Between April and September 2017, NASA’s Cassini spacecraft will undertake a daring set of orbits that is, in many ways, like a whole new mission. Following a final close flyby of Saturn’s moon Titan, Cassini will leap over the planet’s icy rings and begin a series of 22 weekly dives between the planet and the rings.
NASA’s Cassini spacecraft will make its final close flyby of Saturn’s haze-enshrouded moon Titan this weekend. The flyby marks the mission’s final opportunity for up-close observations of the lakes and seas of liquid hydrocarbons that spread across the moon’s northern polar region, and the last chance to use its powerful radar to pierce the haze and make detailed images of the surface.
No other mission has ever explored this unique region. What we learn from these final orbits will help to improve our understanding of how giant planets – and planetary systems everywhere – form and evolve.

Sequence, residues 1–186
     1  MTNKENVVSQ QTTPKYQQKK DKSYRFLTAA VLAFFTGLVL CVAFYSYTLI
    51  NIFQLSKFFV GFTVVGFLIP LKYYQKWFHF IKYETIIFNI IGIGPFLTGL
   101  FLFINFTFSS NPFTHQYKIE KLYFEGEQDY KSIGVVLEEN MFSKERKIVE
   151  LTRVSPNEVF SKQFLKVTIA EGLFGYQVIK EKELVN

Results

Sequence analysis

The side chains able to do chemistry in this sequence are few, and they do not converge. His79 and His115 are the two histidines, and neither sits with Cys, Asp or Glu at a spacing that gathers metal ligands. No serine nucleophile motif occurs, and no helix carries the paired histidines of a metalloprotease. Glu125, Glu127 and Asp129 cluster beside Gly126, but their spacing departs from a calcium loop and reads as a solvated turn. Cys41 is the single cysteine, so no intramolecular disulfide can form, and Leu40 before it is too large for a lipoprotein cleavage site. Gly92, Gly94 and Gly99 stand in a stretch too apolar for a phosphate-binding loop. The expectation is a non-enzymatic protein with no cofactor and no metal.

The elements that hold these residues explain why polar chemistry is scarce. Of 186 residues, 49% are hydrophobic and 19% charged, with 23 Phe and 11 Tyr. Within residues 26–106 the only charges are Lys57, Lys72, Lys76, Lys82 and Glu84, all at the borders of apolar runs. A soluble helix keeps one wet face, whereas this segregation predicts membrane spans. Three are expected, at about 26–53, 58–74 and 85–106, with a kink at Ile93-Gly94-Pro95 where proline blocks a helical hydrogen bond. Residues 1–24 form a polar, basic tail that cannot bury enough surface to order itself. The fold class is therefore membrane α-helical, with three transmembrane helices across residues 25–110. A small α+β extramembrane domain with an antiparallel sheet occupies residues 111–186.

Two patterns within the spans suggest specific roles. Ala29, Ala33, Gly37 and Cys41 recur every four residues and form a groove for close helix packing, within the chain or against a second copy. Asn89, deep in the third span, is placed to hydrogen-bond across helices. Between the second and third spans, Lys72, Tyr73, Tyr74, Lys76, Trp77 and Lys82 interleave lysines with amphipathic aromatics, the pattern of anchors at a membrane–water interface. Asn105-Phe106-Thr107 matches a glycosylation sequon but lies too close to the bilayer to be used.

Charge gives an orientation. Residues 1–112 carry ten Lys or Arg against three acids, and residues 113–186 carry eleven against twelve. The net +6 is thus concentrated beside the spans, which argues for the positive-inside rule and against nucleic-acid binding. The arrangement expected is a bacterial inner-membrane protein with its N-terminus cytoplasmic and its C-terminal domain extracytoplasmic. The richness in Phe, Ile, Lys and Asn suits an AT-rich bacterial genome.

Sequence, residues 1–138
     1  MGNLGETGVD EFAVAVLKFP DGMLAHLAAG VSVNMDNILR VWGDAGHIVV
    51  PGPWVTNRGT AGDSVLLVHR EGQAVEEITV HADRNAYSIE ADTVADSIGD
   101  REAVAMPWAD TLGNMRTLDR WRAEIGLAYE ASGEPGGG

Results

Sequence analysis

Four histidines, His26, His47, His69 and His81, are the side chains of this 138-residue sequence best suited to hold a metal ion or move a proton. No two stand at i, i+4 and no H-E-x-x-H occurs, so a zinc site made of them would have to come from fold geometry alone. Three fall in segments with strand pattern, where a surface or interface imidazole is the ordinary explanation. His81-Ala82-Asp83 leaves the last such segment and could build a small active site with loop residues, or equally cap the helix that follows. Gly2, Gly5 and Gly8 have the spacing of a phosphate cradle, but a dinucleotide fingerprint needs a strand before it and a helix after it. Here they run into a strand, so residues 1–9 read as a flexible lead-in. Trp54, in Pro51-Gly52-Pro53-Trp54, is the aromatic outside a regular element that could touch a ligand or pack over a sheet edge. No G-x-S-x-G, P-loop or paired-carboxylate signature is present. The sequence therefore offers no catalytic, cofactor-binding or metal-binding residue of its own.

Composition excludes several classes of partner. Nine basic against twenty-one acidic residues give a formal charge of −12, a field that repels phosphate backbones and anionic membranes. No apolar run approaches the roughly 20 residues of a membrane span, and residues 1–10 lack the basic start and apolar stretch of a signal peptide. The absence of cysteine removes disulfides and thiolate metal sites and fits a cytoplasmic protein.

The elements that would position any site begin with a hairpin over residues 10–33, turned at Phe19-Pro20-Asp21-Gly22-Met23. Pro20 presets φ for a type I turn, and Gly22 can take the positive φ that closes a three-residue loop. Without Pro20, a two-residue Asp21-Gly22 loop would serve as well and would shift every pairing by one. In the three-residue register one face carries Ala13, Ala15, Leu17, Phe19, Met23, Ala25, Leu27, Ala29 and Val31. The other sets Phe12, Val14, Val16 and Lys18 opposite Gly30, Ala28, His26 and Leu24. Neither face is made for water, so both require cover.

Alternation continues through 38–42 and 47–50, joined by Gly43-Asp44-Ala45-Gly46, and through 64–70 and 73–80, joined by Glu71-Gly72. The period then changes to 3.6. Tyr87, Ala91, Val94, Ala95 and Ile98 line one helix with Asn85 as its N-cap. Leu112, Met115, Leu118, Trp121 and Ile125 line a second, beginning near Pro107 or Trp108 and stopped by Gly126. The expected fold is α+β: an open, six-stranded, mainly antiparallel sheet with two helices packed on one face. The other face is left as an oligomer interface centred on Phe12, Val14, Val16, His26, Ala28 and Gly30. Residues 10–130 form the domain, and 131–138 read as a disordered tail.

As Cassini plunges past Saturn, the spacecraft will collect some incredibly rich and valuable information that was too risky to obtain earlier in the mission:
* The spacecraft will make detailed maps of Saturn’s gravity and magnetic fields, revealing how the planet is arranged internally, and possibly helping to solve the irksome mystery of just how fast Saturn is rotating.
* The final dives will vastly improve our knowledge of how much material is in the rings, bringing us closer to understanding their origins.
* Cassini’s particle detectors will sample icy ring particles being funneled into the atmosphere by Saturn’s magnetic field.
* Its cameras will take amazing, ultra-close images of Saturn’s rings and clouds.